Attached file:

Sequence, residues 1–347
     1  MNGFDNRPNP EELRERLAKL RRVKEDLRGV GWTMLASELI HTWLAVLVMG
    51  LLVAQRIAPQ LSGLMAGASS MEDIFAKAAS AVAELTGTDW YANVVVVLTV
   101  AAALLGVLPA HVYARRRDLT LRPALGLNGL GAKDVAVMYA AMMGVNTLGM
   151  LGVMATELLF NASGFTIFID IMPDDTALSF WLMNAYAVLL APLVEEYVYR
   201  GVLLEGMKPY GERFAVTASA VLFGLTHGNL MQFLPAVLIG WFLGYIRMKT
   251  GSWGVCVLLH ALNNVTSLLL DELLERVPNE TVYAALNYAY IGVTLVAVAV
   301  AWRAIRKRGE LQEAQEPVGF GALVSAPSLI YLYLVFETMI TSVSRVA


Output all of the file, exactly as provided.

Sequence, residues 1–347
     1  MNGFDNRPNP EELRERLAKL RRVKEDLRGV GWTMLASELI HTWLAVLVMG
    51  LLVAQRIAPQ LSGLMAGASS MEDIFAKAAS AVAELTGTDW YANVVVVLTV
   101  AAALLGVLPA HVYARRRDLT LRPALGLNGL GAKDVAVMYA AMMGVNTLGM
   151  LGVMATELLF NASGFTIFID IMPDDTALSF WLMNAYAVLL APLVEEYVYR
   201  GVLLEGMKPY GERFAVTASA VLFGLTHGNL MQFLPAVLIG WFLGYIRMKT
   251  GSWGVCVLLH ALNNVTSLLL DELLERVPNE TVYAALNYAY IGVTLVAVAV
   301  AWRAIRKRGE LQEAQEPVGF GALVSAPSLI YLYLVFETMI TSVSRVA